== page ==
Access to new drugs information

Does a drug or other product have to have a Clinical Trial in Ireland to be sold in Ireland?

No, approvals to sell medicines in Ireland (both the republic and Northern Ireland) are most often based on evidence gathered elsewhere.

How are drugs approved for sale?

Once there is scientific data to support its safe use, usually a drug manufacturer or an importer applies to the Irish Medicines Board, or in Northern Ireland to Medicines and Healthcare Products Regulatory Agency, (both are government agency who regulate medicines) for a “Product Authorisation”  to place the product on the market.

If a drug trial elsewhere goes well, can we get access to the drug in Ireland?

Yes, if the company producing it, or an importer, successfully applies for a licence for the use of the drug in the treatment of Angelman Syndrome in Ireland for this application it will be available on prescription.  If the particular drug is not licenced in Ireland for treatment of Angelman Syndrome, but it is already available for the treatment of other conditions,  then being able to buy it in your pharmacy will depend on your doctor prescribing it “off Label”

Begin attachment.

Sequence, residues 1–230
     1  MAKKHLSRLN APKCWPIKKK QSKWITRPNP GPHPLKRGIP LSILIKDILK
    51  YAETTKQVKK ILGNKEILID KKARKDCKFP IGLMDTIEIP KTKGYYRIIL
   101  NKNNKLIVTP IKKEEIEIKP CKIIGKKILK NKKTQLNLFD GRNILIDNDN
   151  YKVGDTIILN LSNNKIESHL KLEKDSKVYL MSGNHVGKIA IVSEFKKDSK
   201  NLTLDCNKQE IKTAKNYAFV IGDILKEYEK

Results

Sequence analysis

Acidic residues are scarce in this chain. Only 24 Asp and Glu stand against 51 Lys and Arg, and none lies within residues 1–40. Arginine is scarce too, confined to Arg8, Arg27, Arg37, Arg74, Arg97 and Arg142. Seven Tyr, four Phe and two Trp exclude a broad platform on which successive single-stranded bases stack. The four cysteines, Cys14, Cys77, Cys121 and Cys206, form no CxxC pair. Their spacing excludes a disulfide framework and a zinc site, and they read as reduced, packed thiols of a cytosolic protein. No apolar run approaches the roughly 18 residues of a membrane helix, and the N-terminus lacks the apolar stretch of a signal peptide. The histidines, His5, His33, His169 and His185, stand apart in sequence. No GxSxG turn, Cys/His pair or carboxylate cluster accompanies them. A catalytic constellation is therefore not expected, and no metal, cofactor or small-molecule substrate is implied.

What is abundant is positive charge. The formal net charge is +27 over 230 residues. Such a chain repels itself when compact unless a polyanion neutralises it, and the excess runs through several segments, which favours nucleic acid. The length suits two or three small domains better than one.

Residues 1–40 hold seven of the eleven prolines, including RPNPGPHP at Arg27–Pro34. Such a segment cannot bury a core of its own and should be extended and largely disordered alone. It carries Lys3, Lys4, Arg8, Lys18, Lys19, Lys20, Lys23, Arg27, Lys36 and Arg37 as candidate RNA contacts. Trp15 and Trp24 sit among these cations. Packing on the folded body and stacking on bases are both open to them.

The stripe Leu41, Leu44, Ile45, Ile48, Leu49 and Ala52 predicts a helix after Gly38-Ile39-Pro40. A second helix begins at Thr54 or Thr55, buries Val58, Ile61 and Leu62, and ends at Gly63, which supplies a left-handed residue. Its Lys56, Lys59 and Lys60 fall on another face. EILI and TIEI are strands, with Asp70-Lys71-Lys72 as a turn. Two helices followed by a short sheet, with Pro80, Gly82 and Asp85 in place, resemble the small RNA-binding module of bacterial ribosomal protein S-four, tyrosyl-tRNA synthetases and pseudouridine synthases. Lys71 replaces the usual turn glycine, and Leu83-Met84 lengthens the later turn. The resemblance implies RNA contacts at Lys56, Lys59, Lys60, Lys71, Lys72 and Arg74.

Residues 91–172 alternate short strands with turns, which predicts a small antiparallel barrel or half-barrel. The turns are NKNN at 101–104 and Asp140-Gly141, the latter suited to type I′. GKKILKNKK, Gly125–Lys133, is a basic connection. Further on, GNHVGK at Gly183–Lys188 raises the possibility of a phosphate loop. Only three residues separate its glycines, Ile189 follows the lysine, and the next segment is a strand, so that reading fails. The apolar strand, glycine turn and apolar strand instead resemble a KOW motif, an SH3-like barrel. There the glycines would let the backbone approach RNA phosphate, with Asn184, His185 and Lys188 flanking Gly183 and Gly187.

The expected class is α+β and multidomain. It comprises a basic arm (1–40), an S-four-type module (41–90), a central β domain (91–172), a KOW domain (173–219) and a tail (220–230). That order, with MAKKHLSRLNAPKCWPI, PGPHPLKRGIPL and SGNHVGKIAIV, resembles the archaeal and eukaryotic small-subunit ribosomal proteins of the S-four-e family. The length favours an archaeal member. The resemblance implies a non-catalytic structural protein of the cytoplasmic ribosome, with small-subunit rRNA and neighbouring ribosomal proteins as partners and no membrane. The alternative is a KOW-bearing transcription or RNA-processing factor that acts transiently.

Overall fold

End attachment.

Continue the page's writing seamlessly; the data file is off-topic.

A doctor will only prescribe “off label” if she considers based on scientific information it in the best interest of the patient and safe to do so. She will have to consider the unique medical history of the person and what is known about the drug and its effectiveness and safety. Information from web sites, anecdotes and news articles are not always of scientific value. Doctors prefer to rely on scientific results published in recognised peer reviewed journals.

“Off label” prescribing is where a doctor, based on practitioner experience, published studies, and/or findings presented at professional meetings, prescribes a medicine at a dose or for a condition not covered in the licence. The circumstances in which this is allowed are detailed in legislation and outlined on the websites of Irish Medicines Board (IMB) and for Northern Ireland the Medicines and Health Regulatory Agency (MHRA).

Are ASI aware of any drugs or medicines that are not indicated for use as a therapy for Angelman Syndrome but are helpful?


For this reason if any available drug has a therapeutic value for Angelman Syndrome it is very important for us all that the evidence is presented formally to the scientific and medical community and published and that available data are submitted to the relevant regulatory bodies.